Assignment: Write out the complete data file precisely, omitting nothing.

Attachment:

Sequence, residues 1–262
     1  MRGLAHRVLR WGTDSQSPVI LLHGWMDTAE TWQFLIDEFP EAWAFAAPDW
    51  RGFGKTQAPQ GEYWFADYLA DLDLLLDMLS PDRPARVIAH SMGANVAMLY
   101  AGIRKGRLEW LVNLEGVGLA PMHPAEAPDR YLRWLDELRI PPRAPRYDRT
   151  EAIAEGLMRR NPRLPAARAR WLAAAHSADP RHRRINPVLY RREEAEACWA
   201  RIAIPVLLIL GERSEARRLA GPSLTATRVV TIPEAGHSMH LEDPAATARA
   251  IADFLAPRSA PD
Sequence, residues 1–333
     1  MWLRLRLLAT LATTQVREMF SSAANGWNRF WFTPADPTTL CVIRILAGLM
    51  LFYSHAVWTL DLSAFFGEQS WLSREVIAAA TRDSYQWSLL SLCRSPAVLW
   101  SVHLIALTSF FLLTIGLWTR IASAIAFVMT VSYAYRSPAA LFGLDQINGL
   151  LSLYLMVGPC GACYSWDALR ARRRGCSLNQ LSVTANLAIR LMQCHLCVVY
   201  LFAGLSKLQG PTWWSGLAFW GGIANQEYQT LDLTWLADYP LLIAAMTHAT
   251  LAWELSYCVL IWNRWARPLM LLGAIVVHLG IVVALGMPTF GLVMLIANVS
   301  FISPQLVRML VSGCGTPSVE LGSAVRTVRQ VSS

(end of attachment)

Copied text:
Sequence, residues 1–262
     1  MRGLAHRVLR WGTDSQSPVI LLHGWMDTAE TWQFLIDEFP EAWAFAAPDW
    51  RGFGKTQAPQ GEYWFADYLA DLDLLLDMLS PDRPARVIAH SMGANVAMLY
   101  AGIRKGRLEW LVNLEGVGLA PMHPAEAPDR YLRWLDELRI PPRAPRYDRT
   151  EAIAEGLMRR NPRLPAARAR WLAAAHSADP RHRRINPVLY RREEAEACWA
   201  RIAIPVLLIL GERSEARRLA GPSLTATRVV TIPEAGHSMH LEDPAATARA
   251  IADFLAPRSA PD
Sequence, residues 1–333
     1  MWLRLRLLAT LATTQVREMF SSAANGWNRF WFTPADPTTL CVIRILAGLM
    51  LFYSHAVWTL DLSAFFGEQS WLSREVIAAA TRDSYQWSLL SLCRSPAVLW
   101  SVHLIALTSF FLLTIGLWTR IASAIAFVMT VSYAYRSPAA LFGLDQINGL
   151  LSLYLMVGPC GACYSWDALR ARRRGCSLNQ LSVTANLAIR LMQCHLCVVY
   201  LFAGLSKLQG PTWWSGLAFW GGIANQEYQT LDLTWLADYP LLIAAMTHAT
   251  LAWELSYCVL IWNRWARPLM LLGAIVVHLG IVVALGMPTF GLVMLIANVS
   301  FISPQLVRML VSGCGTPSVE LGSAVRTVRQ VSS